Anti-Money Laundering (AML) in Dominican Republic

AML Country Guide / Anti-Money Laundering (AML) in Dominican Republic

Money laundering has been utilized in a variety of illicit activities throughout history, including drug trafficking, terrorism, and investment and financial fraud. Moreover, subjects engaging in such activities typically seek out nations with lax regulation and oversight of such activities.

AML in the Dominican Republic

The Dominican Republic has adopted several international treaties and conventions that have assisted governments in cooperating to prohibit people from engaging in these illicit activities on their property.' The Inter-American Convention Against Corruption was signed in 1996, while the United Nations Convention Against Transnational Organized Crime was signed in 2002. On June 7, 2002, the Dominican Republic's Congress adopted the first legislation on the subject, Law 72- 02, which regulated the areas included in the previously stated conventions.

A series of suggestions in 2012 rendered Law 72-02 outdated. These new suggestions were intended to prevent and combat money laundering, terrorism financing, funding for the feed of weapons of mass destruction, and other severe threats to the international financial system.

Following these proposals, the Dominican National Congress began developing new legislation that would serve as a "transparent and helpful weapon in the pursuit of crime." On June 1, 2017, this law was eventually implemented.

As a significant destination for foreign investment in the Caribbean, the Dominican Republic could not afford to have lax monitoring regulations. The country owes it to current and prospective investors to enhance its anti-money laundering procedures in conformity with international norms and actively empower the country itself in this respect. Implementing this new legislation and its rules have highlighted the country's governmental institutions and business framework's new reality.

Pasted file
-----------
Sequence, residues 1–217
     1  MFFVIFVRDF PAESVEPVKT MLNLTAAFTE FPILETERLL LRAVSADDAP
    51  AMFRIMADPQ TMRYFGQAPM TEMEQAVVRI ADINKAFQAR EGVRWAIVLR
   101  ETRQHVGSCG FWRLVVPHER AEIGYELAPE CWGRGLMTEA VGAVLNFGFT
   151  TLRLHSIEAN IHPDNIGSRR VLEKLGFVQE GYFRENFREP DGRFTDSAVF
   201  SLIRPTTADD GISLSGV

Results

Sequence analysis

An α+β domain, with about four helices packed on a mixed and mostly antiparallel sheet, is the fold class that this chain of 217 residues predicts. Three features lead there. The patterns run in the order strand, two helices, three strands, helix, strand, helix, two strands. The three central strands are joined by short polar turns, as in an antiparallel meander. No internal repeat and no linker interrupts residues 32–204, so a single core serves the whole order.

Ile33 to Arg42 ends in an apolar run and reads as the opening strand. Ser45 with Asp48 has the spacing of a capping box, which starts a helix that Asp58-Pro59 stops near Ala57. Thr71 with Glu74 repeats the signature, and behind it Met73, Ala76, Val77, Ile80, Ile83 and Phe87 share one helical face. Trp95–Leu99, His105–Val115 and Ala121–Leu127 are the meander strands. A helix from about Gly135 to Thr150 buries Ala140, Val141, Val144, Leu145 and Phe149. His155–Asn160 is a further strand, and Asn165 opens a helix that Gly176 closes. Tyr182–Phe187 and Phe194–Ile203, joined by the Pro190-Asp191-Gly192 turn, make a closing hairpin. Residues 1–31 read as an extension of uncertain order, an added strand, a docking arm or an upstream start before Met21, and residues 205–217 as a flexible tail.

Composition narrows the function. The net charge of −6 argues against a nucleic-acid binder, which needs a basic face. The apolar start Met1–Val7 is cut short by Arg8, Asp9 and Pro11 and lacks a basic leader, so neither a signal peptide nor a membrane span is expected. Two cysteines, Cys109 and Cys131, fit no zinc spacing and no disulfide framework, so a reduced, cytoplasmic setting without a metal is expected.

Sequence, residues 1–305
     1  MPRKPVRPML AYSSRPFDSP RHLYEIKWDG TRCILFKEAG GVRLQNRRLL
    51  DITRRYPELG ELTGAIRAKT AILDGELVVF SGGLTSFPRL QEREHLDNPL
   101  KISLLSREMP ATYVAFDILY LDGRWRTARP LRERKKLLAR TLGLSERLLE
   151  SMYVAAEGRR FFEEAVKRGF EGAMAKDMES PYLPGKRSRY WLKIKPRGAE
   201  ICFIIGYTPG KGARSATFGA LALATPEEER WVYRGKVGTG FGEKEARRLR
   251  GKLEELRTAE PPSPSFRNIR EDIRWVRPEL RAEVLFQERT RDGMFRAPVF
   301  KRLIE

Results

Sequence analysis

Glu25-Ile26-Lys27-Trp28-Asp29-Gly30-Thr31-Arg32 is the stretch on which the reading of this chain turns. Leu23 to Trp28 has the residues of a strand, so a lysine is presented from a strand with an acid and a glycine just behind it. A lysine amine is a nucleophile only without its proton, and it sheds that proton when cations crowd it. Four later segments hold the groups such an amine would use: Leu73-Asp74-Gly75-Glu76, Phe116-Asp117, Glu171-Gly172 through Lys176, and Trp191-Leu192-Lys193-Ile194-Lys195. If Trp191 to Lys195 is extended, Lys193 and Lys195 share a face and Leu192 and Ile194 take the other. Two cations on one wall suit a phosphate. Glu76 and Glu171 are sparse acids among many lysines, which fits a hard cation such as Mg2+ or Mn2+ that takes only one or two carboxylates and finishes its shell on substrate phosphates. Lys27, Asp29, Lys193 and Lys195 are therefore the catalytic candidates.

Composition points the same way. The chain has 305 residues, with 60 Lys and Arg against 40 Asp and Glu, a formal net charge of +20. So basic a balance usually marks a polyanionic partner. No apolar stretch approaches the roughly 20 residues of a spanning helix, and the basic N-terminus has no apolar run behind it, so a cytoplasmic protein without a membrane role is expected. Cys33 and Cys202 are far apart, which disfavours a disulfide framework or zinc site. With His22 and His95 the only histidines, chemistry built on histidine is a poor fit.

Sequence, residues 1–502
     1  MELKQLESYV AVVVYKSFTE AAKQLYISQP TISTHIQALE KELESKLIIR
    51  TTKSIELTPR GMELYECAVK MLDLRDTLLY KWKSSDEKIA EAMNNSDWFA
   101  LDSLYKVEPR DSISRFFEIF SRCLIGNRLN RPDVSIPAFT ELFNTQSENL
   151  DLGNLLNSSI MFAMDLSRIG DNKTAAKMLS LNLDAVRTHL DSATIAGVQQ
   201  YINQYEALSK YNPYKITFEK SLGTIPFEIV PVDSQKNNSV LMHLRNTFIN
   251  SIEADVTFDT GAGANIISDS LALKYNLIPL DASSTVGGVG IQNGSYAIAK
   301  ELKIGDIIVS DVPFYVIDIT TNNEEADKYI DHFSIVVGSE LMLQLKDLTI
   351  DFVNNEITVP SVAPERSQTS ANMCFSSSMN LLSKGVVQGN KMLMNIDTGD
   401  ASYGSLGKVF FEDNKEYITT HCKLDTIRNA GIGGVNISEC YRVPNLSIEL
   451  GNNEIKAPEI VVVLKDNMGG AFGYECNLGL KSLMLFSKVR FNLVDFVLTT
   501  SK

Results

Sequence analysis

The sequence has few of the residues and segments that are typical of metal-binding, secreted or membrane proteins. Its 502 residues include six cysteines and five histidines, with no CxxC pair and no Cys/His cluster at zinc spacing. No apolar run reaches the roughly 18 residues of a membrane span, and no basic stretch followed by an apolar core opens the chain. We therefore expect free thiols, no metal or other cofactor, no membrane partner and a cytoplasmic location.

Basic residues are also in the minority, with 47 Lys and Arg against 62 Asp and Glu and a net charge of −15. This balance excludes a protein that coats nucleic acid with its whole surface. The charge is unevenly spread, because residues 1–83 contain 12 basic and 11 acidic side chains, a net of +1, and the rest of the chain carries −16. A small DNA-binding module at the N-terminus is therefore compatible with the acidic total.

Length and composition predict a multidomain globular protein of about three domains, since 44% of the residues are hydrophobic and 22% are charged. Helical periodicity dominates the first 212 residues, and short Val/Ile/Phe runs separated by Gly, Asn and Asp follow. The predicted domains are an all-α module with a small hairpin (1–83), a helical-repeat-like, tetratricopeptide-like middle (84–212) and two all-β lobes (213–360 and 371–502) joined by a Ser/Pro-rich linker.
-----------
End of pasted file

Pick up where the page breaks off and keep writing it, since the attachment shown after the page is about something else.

The "New Law"

On June 1, 2017, the Executive Power of the Dominican Republic promulgated the new Anti-money Laundering and Terrorist Financing Act 155-17 ("New Law") to bring the Dominican legal framework up to speed with new international standards. The New Law replaces the Anti-Money Laundering Act 72-02 of June 7, 2002, with a more sufficient, consistent, and modern legal structure.

The New Law aims to more effectively regulate money laundering and terrorist financing activities in accordance with the most recent international guidelines and comply with international standards for transparency and the transmission of the available information regarding economic agents, their activities, and their beneficial owners. The New Law will most certainly support the Dominican Republic in continuing on its road of international collaboration, access to foreign financing, and assistance from international organizations.

The new law protects the Dominican Republic from being placed on the Financial Action Task Force's (FAFT) 'black list,' which may have hampered foreign investment into the nation and harmed the country's overall economy. It also provided the Dominican government with a mechanism for sanctioning anybody seeking to engage in this type of illegal behavior, protecting the foreign and domestic investment, and ensuring the safety of Dominican individuals in general.

Dominican Republic's AML Regulators

Financiero Analysis Unit (Financial Analysis Unit, or UAF) is the Dominican Republic's main AML regulator. Its primary tasks include receiving, requesting, analyzing, and disclosing to competent authorities reports of suspected financial activities and cash transactions over $10,000, as well as providing technical assistance to other competent authorities.

National Anti-Money Laundering Committee

It was established to promote, coordinate, and recommend policies for the prevention, discovery, and repression of laundered assets. Its primary tasks are as follows:

  • Coordination of public and private sector efforts to prevent the use of the economic, financial, and commercial systems for money laundering.
  • To advise the Executive Power on any legal and administrative actions required to enhance the existing procedures for preventing and detecting money laundering.
  • To keep track of the Committee and the other institutions established by the new law's yearly budgets. The Committee is chaired by the President of the National Drug Council and is made up of the Republic's General Public Attorney, the Minister of Finance, the Superintendent of Banks, and the President of the Drug Control Office.

Custody and Management of Seized Assets Office

This is a branch of the National Committee Against Money Laundering. Its primary function is to safeguard, administer, and sell confiscated assets due to the commission of any of the crimes listed in the law. It has the authority to engage in agreements with private enterprises, both domestic and international, and to handle the confiscated assets.

Other AML regulators of the Dominican Republic are as follows:

  • Central Bank of Dominican Republic 
  • Superintendence of Banks 
  • National Drug Council
  • Secretariat of Finance

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